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Revisiting Zama
#1
I hoping for an intelligent criticism of my current opinion on Zama.  I've posted the following on several sites, but yet to have feedback.

Zama is one of those battles, where there is a comparatively large amount written about it by ancient historians, and yet that evidence conflicts with each other.  What we can be fairly sure is that the strategic basics are correct, ie that the battle actually took place, whom it was fought between, when and where it took place, and who won.  When Polybius was writing within living memory of the battle, these essential elements of the battle are unlikely to be incorrect.  However, the detail of the battle is truly suspect.
To understand the battle of Zama, one of the important elements is determining the size of relevant armies.  If you do not know the relevant sizes of the armies you cannot truly understand which tactics were actually used.  By analysing the numbers, it becomes crystal clear why Hannibal did not use his larger army to simply engulf his foe.  This is because his army was smaller than his opponents, although not for the first time when facing Romans.
For good reason, Polybius is considered the most reliable source concerning the battle, and he gives the Carthaginian side a total of 40,000.  Given that the Scipio family won that battle, and providing the information, we can safely assume that this is the absolutely maximum figure for Hannibal’s force, those particular Romans are not going to diminish their victorious accomplishment after all.  Polybius was writing his histories to prove the inevitability of Rome as a superpower, and if Hannibal’s army was the larger he would have said this.  He had two chances to do so.  The first when he stated Hannibal lost with 40k soldiers.  The second was when the Hastati faced 12k mercenaries.  In both instances, if the Romans were outnumbered, it would have underscored his point about why Rome won.  By remaining silent in both cases we can be sure Scipios army was larger, despite some modern historians using Appian’s figures for Rome, simply because they are all that are overtly stated.  This is actually lazy.  Given that Appian increases Hannibal’s army by 10k men, it already points to a massaging of figures.  The obvious reason for this is to make Rome’s win at Zama,  and Carthage’s wins at Cannae comparable, as opposed to Polybius giving the defeat at Cannae twice as bad, as far as numbers were concerned.
It appears that Appian lies are one of omission.  He states Scipio leaves Italy with 7000 volunteers, picks up two legions in Sicily, and arrives in Africa with 16000 infantry and 1600 cavalry.  On initial viewing, this is wrong, simply because the proportions are incorrect.  If we are talking about 4 standard legions we are short 800 infantry, but with 400 additional cavalry.  OTOH, if we are talking two legions and attached alae, we are short 800 infantry and 800 cavalry.  It’s unlikely that a general of Scipio’s calibre would make such an organisational mistake.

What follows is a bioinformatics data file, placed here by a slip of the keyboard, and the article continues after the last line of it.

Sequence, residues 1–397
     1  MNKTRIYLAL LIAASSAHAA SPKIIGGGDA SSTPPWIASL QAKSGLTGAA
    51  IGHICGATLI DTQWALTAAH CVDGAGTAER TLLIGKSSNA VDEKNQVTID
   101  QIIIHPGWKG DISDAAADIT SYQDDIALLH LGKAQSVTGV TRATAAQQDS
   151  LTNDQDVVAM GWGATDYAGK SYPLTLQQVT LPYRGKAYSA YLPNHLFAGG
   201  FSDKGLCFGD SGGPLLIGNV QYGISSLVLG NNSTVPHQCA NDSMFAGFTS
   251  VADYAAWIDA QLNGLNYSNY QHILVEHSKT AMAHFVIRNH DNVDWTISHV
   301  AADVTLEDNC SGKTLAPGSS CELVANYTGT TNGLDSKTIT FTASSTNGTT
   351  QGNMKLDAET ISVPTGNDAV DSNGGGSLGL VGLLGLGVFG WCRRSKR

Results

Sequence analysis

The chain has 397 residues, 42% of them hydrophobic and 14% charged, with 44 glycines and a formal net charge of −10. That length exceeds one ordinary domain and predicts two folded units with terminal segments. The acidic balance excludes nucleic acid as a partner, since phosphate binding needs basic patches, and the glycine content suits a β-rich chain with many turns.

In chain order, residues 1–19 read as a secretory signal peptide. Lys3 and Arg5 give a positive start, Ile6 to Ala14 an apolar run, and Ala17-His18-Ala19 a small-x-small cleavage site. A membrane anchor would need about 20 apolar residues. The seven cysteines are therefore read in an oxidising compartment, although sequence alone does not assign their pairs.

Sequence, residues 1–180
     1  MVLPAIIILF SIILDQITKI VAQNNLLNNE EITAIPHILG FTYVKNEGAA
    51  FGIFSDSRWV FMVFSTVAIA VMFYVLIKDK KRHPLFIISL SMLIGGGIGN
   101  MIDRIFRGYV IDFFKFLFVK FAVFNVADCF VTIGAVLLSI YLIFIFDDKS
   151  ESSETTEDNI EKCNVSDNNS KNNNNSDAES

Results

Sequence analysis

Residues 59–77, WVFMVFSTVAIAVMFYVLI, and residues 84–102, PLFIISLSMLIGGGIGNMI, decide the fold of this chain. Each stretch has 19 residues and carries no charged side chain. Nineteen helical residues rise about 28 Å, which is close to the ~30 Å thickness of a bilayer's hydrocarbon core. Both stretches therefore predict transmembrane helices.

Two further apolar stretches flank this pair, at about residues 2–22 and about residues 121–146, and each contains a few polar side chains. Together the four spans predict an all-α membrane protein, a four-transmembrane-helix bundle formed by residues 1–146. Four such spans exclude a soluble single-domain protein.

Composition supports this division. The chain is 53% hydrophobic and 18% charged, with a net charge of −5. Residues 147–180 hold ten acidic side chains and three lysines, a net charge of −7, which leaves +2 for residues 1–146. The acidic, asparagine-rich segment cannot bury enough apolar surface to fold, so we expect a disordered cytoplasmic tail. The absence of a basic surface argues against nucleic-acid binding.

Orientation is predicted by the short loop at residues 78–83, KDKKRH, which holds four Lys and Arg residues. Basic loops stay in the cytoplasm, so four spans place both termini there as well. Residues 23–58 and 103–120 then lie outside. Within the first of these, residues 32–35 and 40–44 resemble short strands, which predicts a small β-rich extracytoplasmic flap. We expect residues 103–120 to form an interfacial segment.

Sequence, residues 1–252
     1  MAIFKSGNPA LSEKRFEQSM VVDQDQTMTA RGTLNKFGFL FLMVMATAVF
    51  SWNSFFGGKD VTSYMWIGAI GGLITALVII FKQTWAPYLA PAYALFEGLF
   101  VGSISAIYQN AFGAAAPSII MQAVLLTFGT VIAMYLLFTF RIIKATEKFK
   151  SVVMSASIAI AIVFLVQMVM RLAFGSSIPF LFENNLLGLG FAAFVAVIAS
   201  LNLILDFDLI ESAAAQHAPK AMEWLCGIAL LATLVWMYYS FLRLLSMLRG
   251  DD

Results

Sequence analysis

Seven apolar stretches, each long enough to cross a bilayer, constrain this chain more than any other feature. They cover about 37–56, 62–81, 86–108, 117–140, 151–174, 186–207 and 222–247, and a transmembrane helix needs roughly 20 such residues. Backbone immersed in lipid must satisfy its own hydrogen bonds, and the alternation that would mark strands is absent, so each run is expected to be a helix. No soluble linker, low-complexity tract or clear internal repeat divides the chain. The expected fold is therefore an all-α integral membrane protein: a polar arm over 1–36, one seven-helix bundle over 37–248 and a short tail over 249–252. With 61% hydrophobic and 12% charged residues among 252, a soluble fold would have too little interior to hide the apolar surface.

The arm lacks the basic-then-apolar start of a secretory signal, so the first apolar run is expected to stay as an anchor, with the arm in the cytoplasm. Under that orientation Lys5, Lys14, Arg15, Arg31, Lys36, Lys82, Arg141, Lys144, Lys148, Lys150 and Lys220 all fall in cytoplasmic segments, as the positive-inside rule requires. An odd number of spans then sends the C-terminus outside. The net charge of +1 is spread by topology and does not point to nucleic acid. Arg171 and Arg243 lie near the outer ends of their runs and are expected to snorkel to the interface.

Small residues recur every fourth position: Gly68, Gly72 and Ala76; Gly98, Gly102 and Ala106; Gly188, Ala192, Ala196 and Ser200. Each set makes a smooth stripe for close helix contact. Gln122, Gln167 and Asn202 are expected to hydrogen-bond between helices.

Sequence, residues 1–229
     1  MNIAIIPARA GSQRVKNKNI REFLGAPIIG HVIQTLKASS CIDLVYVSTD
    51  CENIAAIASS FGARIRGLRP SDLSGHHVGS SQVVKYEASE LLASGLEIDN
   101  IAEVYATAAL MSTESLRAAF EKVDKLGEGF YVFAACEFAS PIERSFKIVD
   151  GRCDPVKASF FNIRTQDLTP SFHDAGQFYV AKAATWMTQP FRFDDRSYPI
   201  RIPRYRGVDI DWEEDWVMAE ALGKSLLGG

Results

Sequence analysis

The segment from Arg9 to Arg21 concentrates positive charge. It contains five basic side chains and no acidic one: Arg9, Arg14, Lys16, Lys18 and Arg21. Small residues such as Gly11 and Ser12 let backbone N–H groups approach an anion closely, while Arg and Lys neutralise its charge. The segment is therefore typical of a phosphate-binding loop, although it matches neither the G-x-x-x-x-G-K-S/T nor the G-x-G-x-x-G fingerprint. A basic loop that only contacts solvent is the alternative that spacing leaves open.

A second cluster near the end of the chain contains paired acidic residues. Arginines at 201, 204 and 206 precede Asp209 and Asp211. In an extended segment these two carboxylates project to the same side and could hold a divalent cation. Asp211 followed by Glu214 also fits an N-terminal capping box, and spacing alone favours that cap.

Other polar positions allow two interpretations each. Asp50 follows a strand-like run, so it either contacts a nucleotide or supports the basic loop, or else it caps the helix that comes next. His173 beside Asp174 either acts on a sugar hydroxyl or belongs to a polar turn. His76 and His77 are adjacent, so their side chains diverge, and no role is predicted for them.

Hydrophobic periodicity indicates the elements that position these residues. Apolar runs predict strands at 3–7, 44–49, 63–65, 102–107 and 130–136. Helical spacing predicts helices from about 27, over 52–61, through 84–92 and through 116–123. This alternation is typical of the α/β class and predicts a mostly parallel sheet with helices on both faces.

Fortunately, Appian mention that the two legions, the 5th and 6th, were at Cannae, and oversized.  At 5300 men apiece, these exactly fit the additional troops Scipio is said to have picked up on route from Italy to Africa.  600 of these are cavalry, useful, since it means we can calculate that the initial volunteers consisted of 1000 cavalry and 6000 infantry.  Velites do not have seem to have been volunteers in the legionary system much of the time, thus we are looking at 2 standard Roman legions plus 400 additional noble close colleagues.  Thus Appian states Scipio had 2 standard and 2 larger Roman legions, plus 400 volunteers, which made up the stated force.  These figures would not include the alae that would also accompany the legions.  4 standard alae consists of 16800 foot and 3600 cavalry, although 2 could have been oversized, to mirror the 5th and 6th.  This should give us a Scipio army of a minimum of 40k+ foot and 5200 cavalry.
The cavalry figure is obviously too large.  If the victor of a battle states on the importance of an ally general for his additional cavalry, and no one usually places Hannibal’s mounted troops greater than 4000 total, Scipio almost certainly did not arrive with far more than the stated 1600.  The cavalry element consists of nobles, and the Sicilian aristocrats clearly did not want to be part of Scipio’s endeavour.  The 5th and 6th (penal) legions that were garrisoned in Sicily may not have had their full compliment of cavalry either, some of the noble element having escaped censure, such as Scipio himself.   It is possible that the 1600 cavalry mentioned, perhaps with an additional 300 upgraded foot, and a few Sicilian nobles is about right, for a total of about 2000.